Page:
“On climate change, some disasters were avoided,” said Kirton. But the communiqué was missing “real concrete actions to actually control climate change.” Merkel would “quickly be judged” by what the summit did and did not do on climate change. When the world saw more and more extreme weather events, “people will look back at all the good that Hamburg failed to do – to quote Miss Saigon – and wonder why the 19, who knew what they had to do, did not say ‘We note that Donald Trump is withdrawing from Paris and thus we will do more right here, right now,” said Kirton.
Merkel’s style: The future of global diplomacy?
Under US president Trump, the US role in international relations has started to shift dramatically. With the United States increasingly focussed on domestic policy issues, multilateral initiatives have lost a key heavyweight supporter.
In the run-up to the summit in Hamburg, Merkel and her team of advisors and diplomats had worked hard on rallying international support. In a flurry of diplomatic efforts, Merkel won commitments for the multilateral climate deal from leaders such as China’s Premier Li Keqiang or Indian Prime Minister Narendra Modi.
While Germany already had some reputation for working intensively on all diplomatic channels, for example at the Paris Climate Conference in 2015, Merkel has so far avoided to accept the role of an international leader, often emphasising coordination with EU partners.
At a press conference after the summit, the German chancellor stressed the merits of international cooperation. “We’ve made clear in many points that we can achieve more, if we work together,” said Merkel. “It was in this vein that we led the discussions.”
Some international media have described Merkel’s approach as heralding the future of global diplomacy. “[..] for better or worse, others may increasingly emulate Berlin’s distinctive blend of idealistic multilateralism and case-by-case pragmatism,” the Economist’s Germany correspondent Jeremy Cliffe wrote in his blog. “Germany is less a leader than a foretaste.”
Political scientist Patricia Hogwood from Westminster University wrote before the G20 summit that the climate issue was an important test for Merkel’s success as an international leader. “If Merkel can bring climate control back on track, her international reputation will soar,” she predicted in an article on the science news and views blog The Conversation.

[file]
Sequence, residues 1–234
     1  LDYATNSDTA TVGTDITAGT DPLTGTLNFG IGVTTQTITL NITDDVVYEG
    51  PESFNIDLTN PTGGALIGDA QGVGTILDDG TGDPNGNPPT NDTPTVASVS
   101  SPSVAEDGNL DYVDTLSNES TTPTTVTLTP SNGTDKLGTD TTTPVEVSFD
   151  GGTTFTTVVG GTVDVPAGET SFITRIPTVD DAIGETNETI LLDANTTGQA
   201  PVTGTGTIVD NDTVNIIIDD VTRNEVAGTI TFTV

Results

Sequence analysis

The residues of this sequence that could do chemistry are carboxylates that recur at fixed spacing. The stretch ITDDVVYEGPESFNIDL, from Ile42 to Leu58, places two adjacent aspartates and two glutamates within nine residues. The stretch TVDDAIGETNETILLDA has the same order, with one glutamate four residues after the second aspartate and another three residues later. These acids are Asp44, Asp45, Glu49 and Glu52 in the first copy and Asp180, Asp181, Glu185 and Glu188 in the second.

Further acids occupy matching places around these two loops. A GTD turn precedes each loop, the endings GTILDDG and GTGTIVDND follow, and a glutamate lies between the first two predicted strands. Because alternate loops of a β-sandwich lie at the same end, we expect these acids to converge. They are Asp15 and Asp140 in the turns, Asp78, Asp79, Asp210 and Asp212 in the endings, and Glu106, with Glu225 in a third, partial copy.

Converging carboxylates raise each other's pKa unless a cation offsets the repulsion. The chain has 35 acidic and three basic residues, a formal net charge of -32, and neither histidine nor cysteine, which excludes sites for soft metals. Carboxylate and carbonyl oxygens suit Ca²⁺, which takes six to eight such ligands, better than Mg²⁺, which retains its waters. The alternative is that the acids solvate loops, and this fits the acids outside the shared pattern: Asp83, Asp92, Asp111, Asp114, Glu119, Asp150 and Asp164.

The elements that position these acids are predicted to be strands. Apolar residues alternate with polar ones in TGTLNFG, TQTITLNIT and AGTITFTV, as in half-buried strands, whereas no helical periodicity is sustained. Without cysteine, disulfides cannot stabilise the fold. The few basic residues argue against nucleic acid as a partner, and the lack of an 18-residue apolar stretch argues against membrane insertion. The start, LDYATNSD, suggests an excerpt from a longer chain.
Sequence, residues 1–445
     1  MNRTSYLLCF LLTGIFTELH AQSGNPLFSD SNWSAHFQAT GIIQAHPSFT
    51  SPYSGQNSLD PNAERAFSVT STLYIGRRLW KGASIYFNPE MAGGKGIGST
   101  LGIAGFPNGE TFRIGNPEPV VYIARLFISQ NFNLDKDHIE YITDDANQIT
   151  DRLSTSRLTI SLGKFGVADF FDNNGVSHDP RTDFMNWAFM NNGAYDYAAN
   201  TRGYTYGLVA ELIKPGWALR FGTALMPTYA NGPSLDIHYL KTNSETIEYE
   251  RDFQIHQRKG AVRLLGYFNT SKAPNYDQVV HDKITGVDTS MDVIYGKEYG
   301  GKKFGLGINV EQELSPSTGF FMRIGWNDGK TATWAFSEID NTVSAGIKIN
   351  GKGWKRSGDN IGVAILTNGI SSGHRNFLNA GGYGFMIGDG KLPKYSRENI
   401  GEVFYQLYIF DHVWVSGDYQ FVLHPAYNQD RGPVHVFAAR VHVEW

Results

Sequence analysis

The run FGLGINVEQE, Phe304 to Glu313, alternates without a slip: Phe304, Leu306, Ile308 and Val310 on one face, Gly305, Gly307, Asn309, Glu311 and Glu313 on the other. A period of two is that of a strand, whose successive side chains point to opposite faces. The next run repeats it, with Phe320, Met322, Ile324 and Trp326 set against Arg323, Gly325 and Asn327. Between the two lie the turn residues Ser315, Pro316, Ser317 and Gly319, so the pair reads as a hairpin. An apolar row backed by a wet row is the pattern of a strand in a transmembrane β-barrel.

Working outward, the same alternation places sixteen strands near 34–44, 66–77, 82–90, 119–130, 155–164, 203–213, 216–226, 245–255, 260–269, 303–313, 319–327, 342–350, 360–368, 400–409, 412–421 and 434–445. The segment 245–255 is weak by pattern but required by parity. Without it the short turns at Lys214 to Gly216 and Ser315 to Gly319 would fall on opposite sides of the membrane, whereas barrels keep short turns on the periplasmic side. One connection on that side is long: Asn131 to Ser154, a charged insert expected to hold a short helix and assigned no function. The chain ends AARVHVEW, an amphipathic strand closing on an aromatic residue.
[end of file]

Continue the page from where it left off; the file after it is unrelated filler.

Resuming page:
Germany’s got homework to do
For all the diplomatic merits, the Hamburg summit also highlighted Germany’s credibility problem on climate, many environmentalists have long been pointing out. Germany’s role had always rested on implementing climate protection approaches at home, but recent rising emissions endangered Germany’s credibility. The country also still produces a large share of its power from climate-harmful coal.
“Merkel, as G20 host, helped secure a united G19 outcome, but she must now lead the way at home and end Germany’s reliance on coal by committing to a socially just coal phase-out by 2030,” said Greenpeace International Executive Director Jennifer Morgan after the summit was concluded. “The Chancellor helped the G19 hold the line on the Paris Agreement. But we expected more, for instance announcing a plan for a coal exit by 2030.”
Energy economist Claudia Kemfert from the German Institute for Economic Research (DIW) also criticised Merkel for not driving the climate and energy transition agenda at home forcefully enough. The government had so far failed to decide a coal exit or any meaningful policy for reducing carbon emissions in the transport sector, Kemfert told TV station Phoenix in an interview. “There is obviously a large discrepancy between what you present on the world stage on one hand and what you do in your home country on the other,” she said. Such inconsistency opened the door for those on the international stage who wanted to slow the process.
*The Clean Energy Wire is a project funded by Stiftung Mercator and the European Climate Foundation.